Remember how nasty our friend the binomial distribution can get sometimes? Well, the normal distribution may be able help us out during these difficult times under the right conditions. Recall from Chapter 9 that the binomial equation will calculate the probability of *r* successes in *n* trials with *p* = the probability of a success for each trial and *q* = the probability of a failure. If *np* ≥ 5 and *nq* ≥ 5, we can use the normal distribution to approximate the binomial.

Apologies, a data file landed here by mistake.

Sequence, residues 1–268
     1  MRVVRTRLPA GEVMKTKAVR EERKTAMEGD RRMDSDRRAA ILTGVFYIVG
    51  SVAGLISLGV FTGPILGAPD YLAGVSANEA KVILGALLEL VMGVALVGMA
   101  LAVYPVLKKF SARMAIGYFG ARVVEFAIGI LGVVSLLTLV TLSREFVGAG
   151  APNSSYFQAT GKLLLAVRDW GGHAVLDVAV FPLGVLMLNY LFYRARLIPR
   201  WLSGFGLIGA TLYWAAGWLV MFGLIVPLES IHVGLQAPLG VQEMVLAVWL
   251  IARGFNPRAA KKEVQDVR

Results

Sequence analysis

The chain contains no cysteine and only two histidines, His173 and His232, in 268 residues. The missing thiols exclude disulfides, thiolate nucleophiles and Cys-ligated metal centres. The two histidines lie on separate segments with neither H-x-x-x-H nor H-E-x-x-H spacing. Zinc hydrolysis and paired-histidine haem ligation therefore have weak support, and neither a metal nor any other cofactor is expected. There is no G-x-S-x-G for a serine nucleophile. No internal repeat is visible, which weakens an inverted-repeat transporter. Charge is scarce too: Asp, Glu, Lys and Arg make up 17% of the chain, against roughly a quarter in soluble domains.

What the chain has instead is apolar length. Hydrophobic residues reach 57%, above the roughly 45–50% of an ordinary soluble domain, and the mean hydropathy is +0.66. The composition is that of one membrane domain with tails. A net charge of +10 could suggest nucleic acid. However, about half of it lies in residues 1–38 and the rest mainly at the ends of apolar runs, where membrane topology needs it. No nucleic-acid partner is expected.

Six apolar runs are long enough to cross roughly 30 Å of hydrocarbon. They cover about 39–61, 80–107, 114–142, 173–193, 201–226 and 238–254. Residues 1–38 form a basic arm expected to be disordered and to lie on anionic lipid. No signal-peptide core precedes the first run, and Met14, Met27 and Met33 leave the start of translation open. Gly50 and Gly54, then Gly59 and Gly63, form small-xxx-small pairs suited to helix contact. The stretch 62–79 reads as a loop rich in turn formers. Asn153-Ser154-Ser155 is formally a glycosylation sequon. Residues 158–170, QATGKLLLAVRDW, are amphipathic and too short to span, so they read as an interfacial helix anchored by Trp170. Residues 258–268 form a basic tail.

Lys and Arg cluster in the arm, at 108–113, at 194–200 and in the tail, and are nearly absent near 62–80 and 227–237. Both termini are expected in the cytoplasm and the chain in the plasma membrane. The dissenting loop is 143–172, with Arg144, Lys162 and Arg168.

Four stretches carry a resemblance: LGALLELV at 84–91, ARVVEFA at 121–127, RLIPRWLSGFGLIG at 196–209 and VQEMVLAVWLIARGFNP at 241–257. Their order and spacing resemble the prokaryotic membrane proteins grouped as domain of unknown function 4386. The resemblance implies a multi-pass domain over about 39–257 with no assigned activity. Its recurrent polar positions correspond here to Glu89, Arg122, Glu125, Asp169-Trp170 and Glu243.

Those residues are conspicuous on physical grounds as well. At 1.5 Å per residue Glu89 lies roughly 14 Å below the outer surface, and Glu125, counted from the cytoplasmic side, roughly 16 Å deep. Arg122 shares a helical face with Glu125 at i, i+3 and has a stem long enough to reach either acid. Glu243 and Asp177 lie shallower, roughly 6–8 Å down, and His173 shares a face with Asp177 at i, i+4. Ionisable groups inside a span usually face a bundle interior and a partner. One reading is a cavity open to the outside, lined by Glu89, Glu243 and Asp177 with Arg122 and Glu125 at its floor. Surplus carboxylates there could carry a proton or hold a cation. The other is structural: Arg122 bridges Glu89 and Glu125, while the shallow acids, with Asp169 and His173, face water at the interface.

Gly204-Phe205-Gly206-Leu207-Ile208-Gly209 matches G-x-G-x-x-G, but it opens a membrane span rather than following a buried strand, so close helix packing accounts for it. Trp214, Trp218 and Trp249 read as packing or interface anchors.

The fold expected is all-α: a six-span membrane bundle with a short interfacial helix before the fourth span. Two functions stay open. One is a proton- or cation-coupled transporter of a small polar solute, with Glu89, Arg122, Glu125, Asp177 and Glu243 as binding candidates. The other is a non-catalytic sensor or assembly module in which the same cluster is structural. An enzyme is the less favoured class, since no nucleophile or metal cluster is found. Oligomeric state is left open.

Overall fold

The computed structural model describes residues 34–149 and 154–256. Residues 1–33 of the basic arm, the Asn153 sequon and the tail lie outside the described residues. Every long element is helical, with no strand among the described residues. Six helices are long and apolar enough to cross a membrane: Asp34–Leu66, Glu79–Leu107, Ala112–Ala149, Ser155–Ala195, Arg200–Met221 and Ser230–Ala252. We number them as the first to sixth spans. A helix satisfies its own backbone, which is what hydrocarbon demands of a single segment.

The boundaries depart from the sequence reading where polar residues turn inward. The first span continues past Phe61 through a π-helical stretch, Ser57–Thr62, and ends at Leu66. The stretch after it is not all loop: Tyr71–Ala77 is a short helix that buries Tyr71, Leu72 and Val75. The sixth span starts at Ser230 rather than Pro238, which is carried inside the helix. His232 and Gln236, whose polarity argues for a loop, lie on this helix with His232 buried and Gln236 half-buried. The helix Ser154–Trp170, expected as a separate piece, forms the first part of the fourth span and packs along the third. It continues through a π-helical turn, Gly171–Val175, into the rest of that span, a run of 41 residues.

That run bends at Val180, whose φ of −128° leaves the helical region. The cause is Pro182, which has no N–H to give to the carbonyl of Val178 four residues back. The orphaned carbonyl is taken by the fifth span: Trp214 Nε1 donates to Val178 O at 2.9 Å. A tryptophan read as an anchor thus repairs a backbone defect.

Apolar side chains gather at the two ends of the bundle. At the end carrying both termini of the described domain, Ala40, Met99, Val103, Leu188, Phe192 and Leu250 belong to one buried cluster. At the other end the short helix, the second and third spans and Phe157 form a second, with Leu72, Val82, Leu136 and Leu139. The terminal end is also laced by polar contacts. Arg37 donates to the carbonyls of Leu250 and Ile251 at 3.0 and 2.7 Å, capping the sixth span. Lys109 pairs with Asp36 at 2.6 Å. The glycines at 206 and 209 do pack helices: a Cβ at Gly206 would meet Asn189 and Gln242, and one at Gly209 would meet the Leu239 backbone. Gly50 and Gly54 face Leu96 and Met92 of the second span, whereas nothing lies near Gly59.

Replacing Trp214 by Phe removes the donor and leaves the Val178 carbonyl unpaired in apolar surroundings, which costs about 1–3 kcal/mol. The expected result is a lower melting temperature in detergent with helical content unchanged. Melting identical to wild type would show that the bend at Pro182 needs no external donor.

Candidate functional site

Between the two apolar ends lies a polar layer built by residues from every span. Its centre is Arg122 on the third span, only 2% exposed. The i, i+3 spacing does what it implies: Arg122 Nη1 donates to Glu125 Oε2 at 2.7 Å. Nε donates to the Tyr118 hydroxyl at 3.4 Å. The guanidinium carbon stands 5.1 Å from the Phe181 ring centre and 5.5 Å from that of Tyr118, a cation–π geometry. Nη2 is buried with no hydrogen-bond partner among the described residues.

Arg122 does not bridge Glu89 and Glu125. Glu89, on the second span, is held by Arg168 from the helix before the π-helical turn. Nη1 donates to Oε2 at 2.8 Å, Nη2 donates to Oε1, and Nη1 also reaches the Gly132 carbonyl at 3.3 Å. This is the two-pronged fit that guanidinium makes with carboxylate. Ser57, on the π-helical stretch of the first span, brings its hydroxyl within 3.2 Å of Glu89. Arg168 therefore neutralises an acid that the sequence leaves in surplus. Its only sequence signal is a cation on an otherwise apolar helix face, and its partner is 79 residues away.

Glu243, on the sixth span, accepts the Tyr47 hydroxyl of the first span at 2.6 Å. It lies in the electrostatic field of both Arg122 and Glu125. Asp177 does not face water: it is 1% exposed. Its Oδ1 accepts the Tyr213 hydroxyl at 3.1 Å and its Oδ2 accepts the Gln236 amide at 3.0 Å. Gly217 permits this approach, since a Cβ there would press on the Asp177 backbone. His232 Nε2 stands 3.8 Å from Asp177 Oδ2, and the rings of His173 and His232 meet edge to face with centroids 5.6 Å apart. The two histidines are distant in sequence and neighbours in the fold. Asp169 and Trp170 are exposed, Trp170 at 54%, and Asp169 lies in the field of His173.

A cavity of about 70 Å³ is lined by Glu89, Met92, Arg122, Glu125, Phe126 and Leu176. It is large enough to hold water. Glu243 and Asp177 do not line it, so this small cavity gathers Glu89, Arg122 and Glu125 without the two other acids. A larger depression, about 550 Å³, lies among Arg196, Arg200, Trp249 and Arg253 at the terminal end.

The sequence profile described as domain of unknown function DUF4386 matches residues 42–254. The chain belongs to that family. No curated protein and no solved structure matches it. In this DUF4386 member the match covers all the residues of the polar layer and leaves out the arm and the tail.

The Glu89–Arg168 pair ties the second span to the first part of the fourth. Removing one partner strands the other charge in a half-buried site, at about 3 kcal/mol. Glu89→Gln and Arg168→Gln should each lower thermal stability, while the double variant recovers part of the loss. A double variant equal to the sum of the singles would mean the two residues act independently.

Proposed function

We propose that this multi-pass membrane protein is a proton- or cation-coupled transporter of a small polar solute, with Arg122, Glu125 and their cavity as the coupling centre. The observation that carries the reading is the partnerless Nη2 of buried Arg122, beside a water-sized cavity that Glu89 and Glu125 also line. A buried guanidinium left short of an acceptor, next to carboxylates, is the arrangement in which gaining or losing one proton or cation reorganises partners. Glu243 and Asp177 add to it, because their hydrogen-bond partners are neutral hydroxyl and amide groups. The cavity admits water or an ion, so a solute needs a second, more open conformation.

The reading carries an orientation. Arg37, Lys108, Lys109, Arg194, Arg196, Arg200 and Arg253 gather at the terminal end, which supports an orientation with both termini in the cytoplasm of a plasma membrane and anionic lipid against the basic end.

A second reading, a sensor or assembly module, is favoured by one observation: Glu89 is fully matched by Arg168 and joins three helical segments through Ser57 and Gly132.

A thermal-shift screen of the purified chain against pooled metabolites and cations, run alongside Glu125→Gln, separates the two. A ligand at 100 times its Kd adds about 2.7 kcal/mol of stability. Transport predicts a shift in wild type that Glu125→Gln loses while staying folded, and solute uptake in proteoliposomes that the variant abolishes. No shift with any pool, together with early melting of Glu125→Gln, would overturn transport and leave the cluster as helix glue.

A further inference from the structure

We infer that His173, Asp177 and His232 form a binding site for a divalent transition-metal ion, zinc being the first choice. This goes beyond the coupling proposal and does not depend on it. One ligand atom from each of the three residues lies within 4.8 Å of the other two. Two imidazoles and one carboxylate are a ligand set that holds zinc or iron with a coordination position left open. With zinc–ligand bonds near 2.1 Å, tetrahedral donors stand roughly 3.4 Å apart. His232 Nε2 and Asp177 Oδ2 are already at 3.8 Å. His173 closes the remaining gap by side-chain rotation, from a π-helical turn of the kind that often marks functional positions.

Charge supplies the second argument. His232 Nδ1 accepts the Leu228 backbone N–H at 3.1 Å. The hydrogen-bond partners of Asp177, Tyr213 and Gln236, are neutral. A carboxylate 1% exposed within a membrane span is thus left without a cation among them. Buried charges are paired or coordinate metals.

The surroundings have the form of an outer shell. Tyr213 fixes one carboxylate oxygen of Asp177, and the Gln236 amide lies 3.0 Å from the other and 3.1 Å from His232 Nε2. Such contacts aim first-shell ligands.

As an example, suppose my statistics class is composed of 60 percent females. If I select 15 students at random, what is the probability that this group will include 8, 9, 10, or 11 female students? ...

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